For a monochrome printer, the Kodak Digimaster's history has been an extremely colourful one. Launched as the DigiSource in March 1999 - a name soon changed to Digimaster - it then became the Heidelberg Digimaster when the monochrome digital part of Kodak's business was bought by the German giant.
Originally, the press could run at 110 pages per minute (ppm), then when the second generation came to the market in 2002, this increased to 150ppm on the 9150 model. In 2004, the E range was introduced with greater range of paper-size capabilities and then in 2005, Kodak acquired Heidelberg Digital and NexPress and the machine came under the Kodak badge once more.
Latest mod cons
The latest range of Digimasters, the EX range, was launched last year at Digital Print World with additional functionalities such as an improved user interface and different quality settings. Other companies have also sold the Digimaster under their own branding, including Canon, which sells it as the iR range and IBM, which sold the basic machine, but added its own front-end.
Will Mansfield is EAME marketing director for Kodak’s digital printing solutions. He says that from the very beginning, the Digimaster machines were popular: “Printers could achieve a combined speed and quality that they could not get before.” Kodak found it had a wide customer base, ranging from small printers or copyshops, to the large commercial printers, government agencies and universities.
“Many customers are using our monochrome presses as a first step into colour digital printing and variable data work. They are using the Digimaster alongside their colour litho presses and overprinting the variable data element onto the litho shell,” explains Mansfield. “These days, the colour market gets so much attention, but there is still big business in black-and-white printing and commercial printers are smart; using their monochrome kit alongside litho very effectively.”
Digimasters are also used for general reproduction work, transactional jobs and book printing. “Our customer feedback has shown that users are particularly impressed by the quality on small text and image reproduction,” says Mansfield.
“However, an issue some have had is that if they were producing work on their other digital monochrome presses and some on the Digimaster, the quality was so far apart that work could not be spread across machines. For this reason, we introduced quality settings that could in effect decrease the quality of our press to fit in with other presses that customers may have.”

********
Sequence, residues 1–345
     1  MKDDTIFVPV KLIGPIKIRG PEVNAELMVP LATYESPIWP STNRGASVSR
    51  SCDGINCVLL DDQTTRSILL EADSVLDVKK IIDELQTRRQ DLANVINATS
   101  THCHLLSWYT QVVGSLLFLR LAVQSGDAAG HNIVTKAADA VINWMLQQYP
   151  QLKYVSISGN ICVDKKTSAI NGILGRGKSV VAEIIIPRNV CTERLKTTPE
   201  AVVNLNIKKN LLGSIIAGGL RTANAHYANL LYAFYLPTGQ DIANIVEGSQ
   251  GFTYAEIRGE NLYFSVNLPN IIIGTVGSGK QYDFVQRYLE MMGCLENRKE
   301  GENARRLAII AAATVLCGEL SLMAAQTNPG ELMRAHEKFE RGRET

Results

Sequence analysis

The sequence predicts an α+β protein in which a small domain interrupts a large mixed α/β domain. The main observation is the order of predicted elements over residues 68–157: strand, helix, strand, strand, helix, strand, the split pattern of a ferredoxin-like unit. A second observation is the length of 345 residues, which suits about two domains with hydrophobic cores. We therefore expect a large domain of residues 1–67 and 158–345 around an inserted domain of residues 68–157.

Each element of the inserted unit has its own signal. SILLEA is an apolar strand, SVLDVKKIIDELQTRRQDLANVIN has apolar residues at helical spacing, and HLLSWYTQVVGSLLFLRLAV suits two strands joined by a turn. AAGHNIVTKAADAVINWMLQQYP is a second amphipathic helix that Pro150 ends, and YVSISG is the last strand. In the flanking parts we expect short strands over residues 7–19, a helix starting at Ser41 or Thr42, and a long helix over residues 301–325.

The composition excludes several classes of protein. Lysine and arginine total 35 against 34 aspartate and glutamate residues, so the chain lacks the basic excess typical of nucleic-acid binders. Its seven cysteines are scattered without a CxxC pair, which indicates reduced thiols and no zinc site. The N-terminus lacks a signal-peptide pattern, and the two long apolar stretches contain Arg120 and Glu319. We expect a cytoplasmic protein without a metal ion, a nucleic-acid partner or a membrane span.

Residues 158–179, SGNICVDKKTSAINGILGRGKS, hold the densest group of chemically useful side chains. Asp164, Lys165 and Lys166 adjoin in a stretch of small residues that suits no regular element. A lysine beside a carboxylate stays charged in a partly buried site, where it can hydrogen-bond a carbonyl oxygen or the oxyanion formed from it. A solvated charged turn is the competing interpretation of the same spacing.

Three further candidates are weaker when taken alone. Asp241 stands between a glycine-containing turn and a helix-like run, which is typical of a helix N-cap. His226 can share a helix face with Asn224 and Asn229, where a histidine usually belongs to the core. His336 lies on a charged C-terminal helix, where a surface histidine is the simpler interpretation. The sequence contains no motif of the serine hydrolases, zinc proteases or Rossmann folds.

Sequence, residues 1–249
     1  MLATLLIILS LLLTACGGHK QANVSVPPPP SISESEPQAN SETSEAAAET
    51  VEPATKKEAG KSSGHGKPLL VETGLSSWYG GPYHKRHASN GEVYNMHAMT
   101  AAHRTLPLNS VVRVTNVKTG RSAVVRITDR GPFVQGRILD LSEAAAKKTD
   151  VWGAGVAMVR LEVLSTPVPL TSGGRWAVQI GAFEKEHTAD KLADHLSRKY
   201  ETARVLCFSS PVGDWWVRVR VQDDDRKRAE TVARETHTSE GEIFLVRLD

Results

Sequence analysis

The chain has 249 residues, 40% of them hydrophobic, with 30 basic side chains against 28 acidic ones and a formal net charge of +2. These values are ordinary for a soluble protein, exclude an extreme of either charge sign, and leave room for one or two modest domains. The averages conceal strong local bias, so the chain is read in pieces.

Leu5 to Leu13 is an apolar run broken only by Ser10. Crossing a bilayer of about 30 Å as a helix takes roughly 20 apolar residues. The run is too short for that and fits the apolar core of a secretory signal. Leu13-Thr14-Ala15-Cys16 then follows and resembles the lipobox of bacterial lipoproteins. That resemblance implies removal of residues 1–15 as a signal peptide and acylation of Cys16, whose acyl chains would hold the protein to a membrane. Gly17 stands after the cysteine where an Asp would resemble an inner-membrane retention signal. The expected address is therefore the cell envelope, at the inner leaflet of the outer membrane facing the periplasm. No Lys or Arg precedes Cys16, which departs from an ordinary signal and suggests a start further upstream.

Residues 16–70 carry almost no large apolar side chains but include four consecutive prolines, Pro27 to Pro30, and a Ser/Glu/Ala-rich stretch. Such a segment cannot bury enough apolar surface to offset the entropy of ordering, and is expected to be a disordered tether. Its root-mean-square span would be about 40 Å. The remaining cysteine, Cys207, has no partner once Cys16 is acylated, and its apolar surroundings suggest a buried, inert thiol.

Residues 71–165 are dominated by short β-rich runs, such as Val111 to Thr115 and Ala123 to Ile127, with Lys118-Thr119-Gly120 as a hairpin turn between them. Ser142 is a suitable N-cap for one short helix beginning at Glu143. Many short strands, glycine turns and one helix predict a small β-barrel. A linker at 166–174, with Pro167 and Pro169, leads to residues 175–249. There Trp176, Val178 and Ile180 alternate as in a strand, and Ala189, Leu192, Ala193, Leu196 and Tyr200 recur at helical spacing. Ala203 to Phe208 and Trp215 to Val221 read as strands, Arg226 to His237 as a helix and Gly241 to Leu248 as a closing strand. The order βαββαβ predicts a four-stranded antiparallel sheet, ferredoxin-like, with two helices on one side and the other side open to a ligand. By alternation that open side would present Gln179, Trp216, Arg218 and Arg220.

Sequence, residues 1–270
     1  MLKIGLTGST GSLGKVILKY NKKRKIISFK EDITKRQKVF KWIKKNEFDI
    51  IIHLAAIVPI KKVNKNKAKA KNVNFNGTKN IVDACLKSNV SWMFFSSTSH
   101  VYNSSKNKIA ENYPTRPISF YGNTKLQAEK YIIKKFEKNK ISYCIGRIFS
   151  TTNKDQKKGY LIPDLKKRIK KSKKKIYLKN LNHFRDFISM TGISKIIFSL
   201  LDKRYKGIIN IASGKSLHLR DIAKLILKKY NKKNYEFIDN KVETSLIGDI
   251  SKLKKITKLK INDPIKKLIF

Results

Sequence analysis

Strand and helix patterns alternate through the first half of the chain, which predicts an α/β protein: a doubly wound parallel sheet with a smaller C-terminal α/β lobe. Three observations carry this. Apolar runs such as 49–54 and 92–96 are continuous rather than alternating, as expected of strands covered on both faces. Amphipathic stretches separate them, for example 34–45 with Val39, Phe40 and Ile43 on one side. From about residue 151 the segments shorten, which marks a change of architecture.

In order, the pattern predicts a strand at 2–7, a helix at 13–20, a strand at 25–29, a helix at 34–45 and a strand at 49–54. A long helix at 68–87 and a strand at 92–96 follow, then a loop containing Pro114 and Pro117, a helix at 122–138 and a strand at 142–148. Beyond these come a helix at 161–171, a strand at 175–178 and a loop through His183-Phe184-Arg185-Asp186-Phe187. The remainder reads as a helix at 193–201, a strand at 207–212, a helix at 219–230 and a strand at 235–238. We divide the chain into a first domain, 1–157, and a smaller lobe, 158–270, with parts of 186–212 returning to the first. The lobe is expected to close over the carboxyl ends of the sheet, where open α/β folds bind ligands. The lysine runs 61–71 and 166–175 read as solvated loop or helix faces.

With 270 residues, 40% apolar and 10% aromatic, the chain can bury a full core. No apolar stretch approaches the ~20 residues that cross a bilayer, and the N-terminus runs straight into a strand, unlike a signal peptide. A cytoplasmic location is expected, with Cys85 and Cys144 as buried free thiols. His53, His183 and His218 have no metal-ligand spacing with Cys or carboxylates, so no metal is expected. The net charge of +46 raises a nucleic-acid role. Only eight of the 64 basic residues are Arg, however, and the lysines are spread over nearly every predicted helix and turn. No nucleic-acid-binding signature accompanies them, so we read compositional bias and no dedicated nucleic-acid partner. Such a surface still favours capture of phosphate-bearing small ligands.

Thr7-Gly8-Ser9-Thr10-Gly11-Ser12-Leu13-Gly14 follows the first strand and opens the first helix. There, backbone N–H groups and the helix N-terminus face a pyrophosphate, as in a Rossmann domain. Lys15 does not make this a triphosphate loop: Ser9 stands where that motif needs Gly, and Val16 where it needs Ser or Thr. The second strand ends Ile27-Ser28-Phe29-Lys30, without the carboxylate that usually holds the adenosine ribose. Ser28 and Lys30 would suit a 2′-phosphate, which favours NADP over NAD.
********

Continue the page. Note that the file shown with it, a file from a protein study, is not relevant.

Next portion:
Kodak believes that it has installed around 200 Digimaster presses in the UK since its launch. Infotec, previously Danka Europe, has also sold a significant number of the machines, particularly to the education sector, and it estimates it has sold around the same amount as Kodak. A new Digimaster EX machine is sold, depending on configuration, at between £100,000 and £250,000.
There are many extras available for the machine, including stackers, inserters, folders and an inline bookletmaker to name just a few. It is also possible on new models to have up to 12 paper drawers divided into nine feeder drawers and three inserter drawers.
Since the new range was introduced last year, a number of printers have decided to upgrade, which has brought a flurry of activity to the secondhand market in the older Digimasters. Kodak UK pre-sales manager Andy Campbell says: “There is quite a strong market for these used machines as the engines are very good. I know of one press in Peterborough that has run 120m A4 impressions so far and is still going strong.”
Kodak will clean and refurbish any used machine that comes back to it and give it a full inspection. Campbell advises, as with any used purchase, to check the service history of the press and also to check the impression count. For a used 2000 Digimaster 110, you should expect to pay around £50,000.
• up to 150ppm (on 150 models)
Max imaging area
• New: £100,000 to £250,000
• Used: 2000 Digimaster 110 £50,000
What to look for
• Impression count
• Service history